TOKYO — Carlos Ghosn, the embattled former chairman of the Renault-Nissan-Mitsubishi alliance, walked free of the Tokyo jail where he was confined for 108 days in a breakthrough that will help him fight what he calls the “meritless and unsubstantiated” criminal charges against him.
Ghosn left the Tokyo Detention House around 4:30 p.m. Wednesday, climbed into a vehicle and was whisked away. Television footage showed Ghosn wearing eyeglasses, a surgical mask, a blue cap and workman's clothes — replete with fluorescent orange safety stripes — as swarm of guards led him to a Suzuki minivehicle in an apparent attempt to camouflage his release.
Ghosn, who turns 65 on Saturday, momentarily steered toward a large black van parked nearby before being redirected to the diminutive Suzuki, which had commercial vehicle plates and a ladder lashed to the top. The black van was parked behind the silver Suzuki and was packed with Ghosn's belongings, including blankets and suitcases. It drove away afterward.
Hundreds of journalists crowded the entrance of the detention center to chronicle his release as helicopters hovered overhead. It was not immediately known where Ghosn was taken, but the conditions of Ghosn’s release restrict him to court-approved housing.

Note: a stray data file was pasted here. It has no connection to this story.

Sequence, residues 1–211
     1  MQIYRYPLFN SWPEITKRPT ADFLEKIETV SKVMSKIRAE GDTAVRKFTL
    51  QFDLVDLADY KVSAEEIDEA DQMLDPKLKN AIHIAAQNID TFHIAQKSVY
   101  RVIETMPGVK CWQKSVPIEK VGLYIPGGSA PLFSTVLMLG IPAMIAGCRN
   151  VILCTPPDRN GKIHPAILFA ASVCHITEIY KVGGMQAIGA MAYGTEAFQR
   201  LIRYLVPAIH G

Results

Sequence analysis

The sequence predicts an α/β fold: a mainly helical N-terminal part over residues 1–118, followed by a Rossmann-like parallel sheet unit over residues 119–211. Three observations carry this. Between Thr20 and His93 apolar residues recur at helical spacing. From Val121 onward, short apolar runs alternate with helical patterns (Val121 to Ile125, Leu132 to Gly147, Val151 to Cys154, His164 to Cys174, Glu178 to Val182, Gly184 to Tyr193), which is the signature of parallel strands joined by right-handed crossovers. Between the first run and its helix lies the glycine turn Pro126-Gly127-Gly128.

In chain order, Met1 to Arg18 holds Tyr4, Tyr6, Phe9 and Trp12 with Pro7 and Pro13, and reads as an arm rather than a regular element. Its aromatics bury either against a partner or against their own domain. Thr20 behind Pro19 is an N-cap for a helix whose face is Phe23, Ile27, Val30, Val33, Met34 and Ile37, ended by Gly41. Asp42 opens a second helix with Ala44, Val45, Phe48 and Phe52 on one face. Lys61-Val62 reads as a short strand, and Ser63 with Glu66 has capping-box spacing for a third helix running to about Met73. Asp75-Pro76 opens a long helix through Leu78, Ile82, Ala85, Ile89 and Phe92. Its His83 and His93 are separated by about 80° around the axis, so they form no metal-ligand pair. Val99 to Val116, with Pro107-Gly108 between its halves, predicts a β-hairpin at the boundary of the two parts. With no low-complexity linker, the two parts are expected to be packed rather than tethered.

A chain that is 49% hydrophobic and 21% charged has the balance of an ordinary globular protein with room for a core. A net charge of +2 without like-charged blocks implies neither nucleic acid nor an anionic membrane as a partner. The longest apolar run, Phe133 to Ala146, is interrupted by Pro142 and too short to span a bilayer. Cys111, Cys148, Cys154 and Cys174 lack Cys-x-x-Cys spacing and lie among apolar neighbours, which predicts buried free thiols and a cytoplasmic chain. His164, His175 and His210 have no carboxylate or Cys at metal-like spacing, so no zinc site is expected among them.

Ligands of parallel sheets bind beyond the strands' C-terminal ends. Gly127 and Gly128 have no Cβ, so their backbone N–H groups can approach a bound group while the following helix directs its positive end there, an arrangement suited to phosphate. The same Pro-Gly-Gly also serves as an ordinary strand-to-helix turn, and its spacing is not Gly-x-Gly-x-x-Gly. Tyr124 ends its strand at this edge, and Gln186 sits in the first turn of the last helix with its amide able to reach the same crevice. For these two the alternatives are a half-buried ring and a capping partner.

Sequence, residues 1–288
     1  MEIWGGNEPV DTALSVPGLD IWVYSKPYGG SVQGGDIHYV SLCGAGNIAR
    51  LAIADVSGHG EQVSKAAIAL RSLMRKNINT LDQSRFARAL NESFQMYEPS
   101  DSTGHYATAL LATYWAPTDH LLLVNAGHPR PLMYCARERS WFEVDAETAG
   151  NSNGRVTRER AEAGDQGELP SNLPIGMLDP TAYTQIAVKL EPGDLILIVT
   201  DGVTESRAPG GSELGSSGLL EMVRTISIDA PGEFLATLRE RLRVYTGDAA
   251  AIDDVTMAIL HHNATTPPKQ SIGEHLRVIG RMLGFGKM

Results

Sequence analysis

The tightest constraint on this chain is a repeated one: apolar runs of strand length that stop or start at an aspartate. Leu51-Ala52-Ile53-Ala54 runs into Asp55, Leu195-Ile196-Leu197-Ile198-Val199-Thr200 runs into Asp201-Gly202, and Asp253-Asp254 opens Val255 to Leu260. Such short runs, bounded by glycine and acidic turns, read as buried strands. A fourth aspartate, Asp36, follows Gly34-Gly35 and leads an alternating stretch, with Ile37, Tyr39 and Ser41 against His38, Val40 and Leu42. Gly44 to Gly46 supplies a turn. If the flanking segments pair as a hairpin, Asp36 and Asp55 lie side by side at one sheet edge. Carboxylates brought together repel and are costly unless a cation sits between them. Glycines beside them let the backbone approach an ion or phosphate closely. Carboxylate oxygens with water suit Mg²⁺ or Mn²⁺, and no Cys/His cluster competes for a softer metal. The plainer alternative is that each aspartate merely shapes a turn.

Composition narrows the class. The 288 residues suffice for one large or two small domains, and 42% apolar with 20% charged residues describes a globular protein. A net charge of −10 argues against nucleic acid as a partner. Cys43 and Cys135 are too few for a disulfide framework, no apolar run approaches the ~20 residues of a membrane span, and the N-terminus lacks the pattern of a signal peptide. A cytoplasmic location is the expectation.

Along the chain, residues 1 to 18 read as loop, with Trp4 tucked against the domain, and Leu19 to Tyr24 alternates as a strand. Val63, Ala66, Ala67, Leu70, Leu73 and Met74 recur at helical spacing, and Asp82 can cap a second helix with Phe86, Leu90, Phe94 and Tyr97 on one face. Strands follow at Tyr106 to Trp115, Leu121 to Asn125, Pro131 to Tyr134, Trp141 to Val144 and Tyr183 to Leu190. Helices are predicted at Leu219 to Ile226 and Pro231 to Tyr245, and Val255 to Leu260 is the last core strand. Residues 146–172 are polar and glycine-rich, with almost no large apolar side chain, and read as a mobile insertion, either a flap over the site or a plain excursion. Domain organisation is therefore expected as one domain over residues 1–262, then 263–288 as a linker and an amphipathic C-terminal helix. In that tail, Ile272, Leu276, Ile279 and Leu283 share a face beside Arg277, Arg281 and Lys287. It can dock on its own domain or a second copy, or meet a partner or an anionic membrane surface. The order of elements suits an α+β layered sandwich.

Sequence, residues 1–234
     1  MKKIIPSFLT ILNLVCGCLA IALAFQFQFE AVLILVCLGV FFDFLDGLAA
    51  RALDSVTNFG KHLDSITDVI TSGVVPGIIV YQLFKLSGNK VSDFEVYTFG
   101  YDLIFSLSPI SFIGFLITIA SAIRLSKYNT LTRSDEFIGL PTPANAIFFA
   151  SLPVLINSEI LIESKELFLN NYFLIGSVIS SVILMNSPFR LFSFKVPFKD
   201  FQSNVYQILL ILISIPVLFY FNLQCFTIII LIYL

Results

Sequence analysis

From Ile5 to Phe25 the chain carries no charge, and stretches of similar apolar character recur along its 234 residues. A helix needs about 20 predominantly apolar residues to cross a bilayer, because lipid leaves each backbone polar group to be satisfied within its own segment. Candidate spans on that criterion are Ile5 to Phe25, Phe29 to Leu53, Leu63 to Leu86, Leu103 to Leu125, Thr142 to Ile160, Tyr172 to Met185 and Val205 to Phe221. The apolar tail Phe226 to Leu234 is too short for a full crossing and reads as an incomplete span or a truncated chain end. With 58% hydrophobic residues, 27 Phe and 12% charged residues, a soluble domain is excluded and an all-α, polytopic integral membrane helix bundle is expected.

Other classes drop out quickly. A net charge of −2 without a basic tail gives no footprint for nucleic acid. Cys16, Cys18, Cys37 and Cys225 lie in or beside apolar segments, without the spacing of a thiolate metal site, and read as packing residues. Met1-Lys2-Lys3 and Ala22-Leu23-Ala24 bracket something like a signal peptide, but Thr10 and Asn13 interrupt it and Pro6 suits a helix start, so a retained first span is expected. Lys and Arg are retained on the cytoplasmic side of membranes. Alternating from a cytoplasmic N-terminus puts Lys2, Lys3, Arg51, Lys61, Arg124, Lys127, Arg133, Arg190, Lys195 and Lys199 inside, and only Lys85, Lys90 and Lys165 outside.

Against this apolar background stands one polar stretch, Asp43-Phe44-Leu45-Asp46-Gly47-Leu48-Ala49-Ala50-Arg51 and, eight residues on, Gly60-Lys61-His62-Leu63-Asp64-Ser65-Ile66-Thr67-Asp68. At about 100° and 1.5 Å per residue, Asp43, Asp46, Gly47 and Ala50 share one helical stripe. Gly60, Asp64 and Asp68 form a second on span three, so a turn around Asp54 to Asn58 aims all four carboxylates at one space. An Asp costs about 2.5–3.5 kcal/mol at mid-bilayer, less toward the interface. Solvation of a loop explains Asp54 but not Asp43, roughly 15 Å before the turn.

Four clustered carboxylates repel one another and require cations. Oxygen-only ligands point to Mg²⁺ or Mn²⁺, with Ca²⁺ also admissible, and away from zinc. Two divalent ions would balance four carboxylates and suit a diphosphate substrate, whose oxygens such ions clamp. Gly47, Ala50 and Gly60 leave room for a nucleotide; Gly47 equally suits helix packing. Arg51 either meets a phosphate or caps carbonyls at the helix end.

Several hours before Ghosn was freed, the Tokyo District Court announced he had paid the prescribed bail of 1 billion yen ($8.9 million) in cash. The court approved bail the day before, with conditions of limited Internet access, a ban on international travel and video surveillance inside his residence. But the court rejected a last-ditch appeal by prosecutors to quash bail.
Focus now turns to Ghosn’s trial, where he will face three indictments on allegations of financial misconduct at Nissan. Ghosn’s lawyer, Junichiro Hironaka, has said a trial could still be months away and speculated it won’t head to court until after summer.
In the meantime, Ghosn will likely double down on preparing for the legal battle ahead and use his freedom to tell his side of the story. He already started on the eve of his release.
In a statement emailed Tuesday, Ghosn called his arrest and detention a “terrible ordeal” and expressed thanks to his family and friends for standing by him.
“I am also grateful to the NGOs and human rights activists in Japan and around the world who fight for the cause of presumption of innocence and a fair trial,” Ghosn said.
“I am innocent and totally committed to vigorously defending myself in a fair trial against these meritless and unsubstantiated accusations,” he said.
Ghosn’s lawyer had earlier suggested Ghosn wanted to give a news conference after his release on bail. But Hironaka said Wednesday there were no immediate plans for one.
In the meantime, the onetime globe-trotting car executive will be kept on a short leash by strict bail conditions. According to the Tokyo District Court and Hironaka, Ghosn must reside in a court-approved residence and have his movements monitored by camera surveillance. He can’t leave Japan and his contact with other people will be restricted.